At Lincoln Memorial rally, Ukrainians mark the lost while fearing new Russian attack

Ukraine has weathered eight years of bloody conflict and political upheaval — and on Sunday, the D.C. region’s Ukrainian ex-pats memorialized thousands already lost amid warnings of an even greater conflict on the horizon.

With U.S. officials observing Russia’s forces inching closer to Ukraine’s border, Ukrainian American groups organized a day of solidarity with their homeland calling for more significant Western pressure on Russian President Vladimir Putin and more weapons shipments as a deterrent.



“The world needs to reflect on the genuine evil that Putin and the Kremlin are displaying in this unjustified war against Ukraine … it begs a response,” Nadia McConnell, president of the US-Ukraine Foundation, told the hundreds gathered near the Lincoln Memorial.

Sunday’s rally drew hundreds for an eventual march to the White House. It evolved out of a vigil held yearly by the region’s Ukrainian Americans to memorialize the “Heavenly Hundred” — their term for protesters killed during Ukraine’s fiery Euromaidan revolution in 2014, seeking closer integration between the former Soviet state and the Western world.

In the months that followed the ousting of then-President Viktor Yanukovych, a pro-Russian separatist movement — bolstered by military and logistical support from Moscow — captured broad swathes of Ukraine’s eastern Donbas region, launching a protracted conflict that would also see unmarked Russian forces invade and capture the Crimean peninsula.

That conflict persists to this day — and many Ukrainians, as well as Western analysts, fear Putin may be keen on unfreezing it as part of a ploy to destabilize Europe and reestablish a Soviet-era sphere of influence.

Rally-goers look on as speakers, including Ukrainian and American diplomats, call for tougher sanctions on Russia. (WTOP/Alejandro Alvarez)

Candles set out in the shape of Ukraine’s shield-and-trident coat of arms marked fallen protesters and soldiers on Sunday afternoon, as dozens of Ukrainian flags hoisted high in the air cast a golden hue on the memorial’s steps.

Nearly three hours of speakers shared a common demand for President Biden to embrace strict sanctions on Russia if a full-scale war were to break out — including a firm commitment from the U.S. and its allies to financially punish the Kremlin by blocking the Nord Stream 2 pipeline linking Russian natural gas to Europe.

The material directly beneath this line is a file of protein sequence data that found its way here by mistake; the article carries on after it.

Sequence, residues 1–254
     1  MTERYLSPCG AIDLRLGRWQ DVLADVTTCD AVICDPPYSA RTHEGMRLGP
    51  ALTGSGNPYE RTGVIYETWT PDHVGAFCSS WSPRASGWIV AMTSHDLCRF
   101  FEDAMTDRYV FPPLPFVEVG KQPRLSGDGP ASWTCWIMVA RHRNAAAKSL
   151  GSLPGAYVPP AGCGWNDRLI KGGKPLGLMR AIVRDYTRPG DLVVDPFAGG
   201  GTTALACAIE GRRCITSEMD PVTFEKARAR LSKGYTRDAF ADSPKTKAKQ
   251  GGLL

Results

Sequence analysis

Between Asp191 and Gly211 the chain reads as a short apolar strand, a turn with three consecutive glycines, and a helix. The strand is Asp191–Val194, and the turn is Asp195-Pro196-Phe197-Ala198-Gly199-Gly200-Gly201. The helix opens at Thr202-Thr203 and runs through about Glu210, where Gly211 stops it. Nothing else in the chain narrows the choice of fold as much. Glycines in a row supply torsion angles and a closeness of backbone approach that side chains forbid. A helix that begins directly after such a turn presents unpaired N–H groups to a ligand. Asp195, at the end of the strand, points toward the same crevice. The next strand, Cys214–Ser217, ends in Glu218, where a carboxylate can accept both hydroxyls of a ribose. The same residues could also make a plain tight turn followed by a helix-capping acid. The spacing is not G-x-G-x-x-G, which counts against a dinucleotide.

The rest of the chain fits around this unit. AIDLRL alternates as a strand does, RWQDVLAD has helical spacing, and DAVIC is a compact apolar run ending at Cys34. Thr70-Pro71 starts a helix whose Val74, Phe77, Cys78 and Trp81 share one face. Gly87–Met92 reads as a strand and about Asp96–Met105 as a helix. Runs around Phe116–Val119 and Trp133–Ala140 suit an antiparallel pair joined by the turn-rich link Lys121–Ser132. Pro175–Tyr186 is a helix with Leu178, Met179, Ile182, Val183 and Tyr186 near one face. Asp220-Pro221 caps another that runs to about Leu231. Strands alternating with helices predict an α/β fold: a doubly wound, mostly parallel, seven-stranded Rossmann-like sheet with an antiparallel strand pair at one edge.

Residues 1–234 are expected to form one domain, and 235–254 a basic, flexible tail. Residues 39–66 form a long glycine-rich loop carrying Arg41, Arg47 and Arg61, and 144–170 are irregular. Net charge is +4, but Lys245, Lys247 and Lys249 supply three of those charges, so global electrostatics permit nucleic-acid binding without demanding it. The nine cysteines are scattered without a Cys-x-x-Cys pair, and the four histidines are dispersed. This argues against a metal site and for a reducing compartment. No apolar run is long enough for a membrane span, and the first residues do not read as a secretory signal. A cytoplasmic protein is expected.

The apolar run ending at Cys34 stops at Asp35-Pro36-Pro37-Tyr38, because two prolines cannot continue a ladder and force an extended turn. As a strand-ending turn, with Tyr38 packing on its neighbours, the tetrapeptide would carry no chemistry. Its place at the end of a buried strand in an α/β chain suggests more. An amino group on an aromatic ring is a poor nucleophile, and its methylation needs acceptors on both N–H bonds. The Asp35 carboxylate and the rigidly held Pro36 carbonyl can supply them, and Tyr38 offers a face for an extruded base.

The U.S. and Great Britain have also been supplying defense aid in the form of anti-tank missile and radar systems for Ukraine’s armed forces. But according to the rally’s organizers, what shipments have been sent are insufficient in the face of what they say is a rapidly-modernizing Russian army with an increasingly ambitious leadership, more capable now than when the fighting began eight years ago.

Echoing that sentiment alongside Ukrainian diplomats and activists was William Taylor, who served as U.S. Ambassador to Ukraine for the Bush and Obama administrations and as acting ambassador under Trump.

“Even if Putin doesn’t invade Ukraine now, next week or next month … he won’t give up on trying to subordinate Ukraine and trying to bring Ukraine back into the Russian world,” Taylor told the crowd to applause. “We need to provide support for Ukraine over the long term — military, political and financial.”

Ukrainian American activists hold signs outside the White House during a rally against Russian aggression on Feb. 20, 2022. (WTOP/Alejandro Alvarez)

Following the rally, several hundred people set out from the Lincoln Memorial on a short march to the White House. Biden had only hours earlier convened a rare weekend meeting of the National Security Council to discuss the unfolding crisis.

Ukrainians, joined by members of the local Kazakhstani, Belarusian, Polish, Lithuanian and Baltic communities, marched across Constitution Avenue and up 17th Street in Northwest D.C.

They were united in their chants: “Sanction Putin now,” “Stop Russian aggression,” and “Slava Ukraini” — a Ukrainian-language salute meaning “Glory to Ukraine.”

As the sun set over Lafayette Square, they stood outside the White House holding signs including “Putin, keep your bloody hands off Ukraine” and “Yes, we can stop Putin together.” Some pictured caricatures of Putin alongside Josef Stalin and Adolf Hitler.

“We believe in our army, we have the best army, we know that they will be able to protect us,” a Ukrainian expat said. “All of them are ready to defend the country … and believe me, Ukraine will resist. We will not go under occupation anymore.”

Alejandro Alvarez

Alejandro Alvarez joined WTOP as a digital reporter and editor in June 2018. He is a writer and photojournalist focusing on politics, political activism and national affairs, with recent multimedia contributions to Reuters, MSNBC and PBS.

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